The character 'selector sleeve 35 is well shown in Fig. 17, and for most practical use, is 'of a transparent material in order that the character designations on the case can be seen therethrough. It has a line x marked thereon, known as the indexing line, and this is used in making character selections for printing. Set within the recess 3b formed in one side of the sleeve at a location that will'b'e beneath the index ringer of the hand in which the device is held for use, is a yieldable lpawl or plate 3l fixed in place at one edge by a 'screw 38 `as noted in Fig. 4, and at the opposite edge of the plate (see Fig. 3) is a down- `turned tooth' 39 that projects into an opening 40 in the sleeve, Formed in the underlying side wall 'of the case, substantially to its full length, isa ratchet toothed surface comprising the upwardly faced teeth 4I. Whenever the selector sleeve line is registered with a character designation on the case, and the pawl is pressed inwardly, it will effect an interlock with the case land thereby provide that by a downward appli- Y'cation f'f'pr'essure on the sleeve by the hand holding device i'n normal use as in Fig. 17, the case will be moved downwardly along the stationary carriage frame bar 5. This movement is slight but the initial downward movementcau'ses the pawl vZ3 t'o `engage the ratchet wheels I'I to rotate lthe wheels I5 to advance the device for the indexing or spacing 'of the character that is to be printed from that last printed. Then, after indexing, thelnal downward action of the case effects the direct printing of the selected char- 7 acters on the printing surface, as presently ex- ,plained.

Supported on the bar ID, at upper and lower ends thereof, are pulley wheels 55 and 5l, and mounted for travel thereover is an endless link belt. This belt is made up of a succession of identical, pivotally connected links '52 as shown in Figs. 12 and 15, and on each link, with one exception, is a type 54 for printing a certain character, and these types are individually represented by the characters on the face of the case. One link of the belt mounts a blank lug to which the belt operating means is connected, as later explained.

The belt carrying pulley 5I at the lower end of bar I has four flat faces, as seen in Fig. 5, and each face is of the same length as a belt link, as shown in Fig. 13, and the links in passing thereover, flatly engage these surfaces.

The type belt extends along opposite sides of bar I0 and there is a flat bar or plate 55 fixed to the top side of bar I5, and this overlies the two longitudinal runs of the belt as shown best in Figs. 3 and 9.

The cross, sectional View, Fig. 9, shows the two runs of the type belt as being contained for travel in laterally opening channels that are formed along opposite sides of the bar l0 by the application of plate 55 to the top side of the bar. Removal of plate 55 permits removal of the type belt.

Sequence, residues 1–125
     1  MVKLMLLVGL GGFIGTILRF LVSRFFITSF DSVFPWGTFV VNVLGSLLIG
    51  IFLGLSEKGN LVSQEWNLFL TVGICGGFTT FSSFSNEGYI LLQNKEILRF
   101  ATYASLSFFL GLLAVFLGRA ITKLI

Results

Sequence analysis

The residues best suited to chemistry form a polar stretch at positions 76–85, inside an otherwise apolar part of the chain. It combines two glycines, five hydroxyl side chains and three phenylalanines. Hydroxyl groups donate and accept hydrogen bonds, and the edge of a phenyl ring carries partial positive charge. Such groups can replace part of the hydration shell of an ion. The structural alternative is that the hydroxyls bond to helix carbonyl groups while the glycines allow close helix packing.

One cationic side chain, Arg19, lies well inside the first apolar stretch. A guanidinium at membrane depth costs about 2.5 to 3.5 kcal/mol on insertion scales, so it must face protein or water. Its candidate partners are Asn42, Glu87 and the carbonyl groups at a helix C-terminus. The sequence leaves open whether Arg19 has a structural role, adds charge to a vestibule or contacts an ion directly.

Fixed rigidly to the selector sleeve 35, as shown in Fig. 3, is an arm 56 that extends into the case through a slot 51 formed lengthwise in the side wall r thereof. The inner end ci the arm 55 overlies the bar I0 and the type belt, and at that end is pivotally connected, as at 58, with one end of a link 60. The link 60 has a limited 0scillating action, and at its lower end is pivotally fastened to the blank type lug 5?. of the type belt. Thus, it will be understood that, when the sleeve 35 is moved along the case to register its indexing mark :r with the diierent character designations, the belt will be caused to travel about its supporting pulleys 50 and 5I and, by this travel, any desired type may be brought into printing position; that is, seated against the downwardly directed ilat surface of the pulley 5l.

It will here be explained that the type on the belt are arranged in the same printing order as are the type character designations in the two columns on the case, and that the point of connection of link G0 with the blank type lug 52 of the type belt is between those links which carry the type for character A and that for the question mark. Or, should any other arrangement of characters be made, the connection with the type belt is always between the type characters thereon that are represented by the characters that are at the lower ends of the character columns on the case.

It is to be observed by reference to Figs. 12 and 13 that the upper end of link 55 extends somewhat above the pivot point 58, and there has an inturned end 60 adapted to engage limit shoulders 56a and 55o to denitely limit the extent of its oscillating action. This limit of movement prevents the moving force that is applied to the type belt in moving the selector downwardly, from forcing the belt outwardly against the inking pads, presently to be described.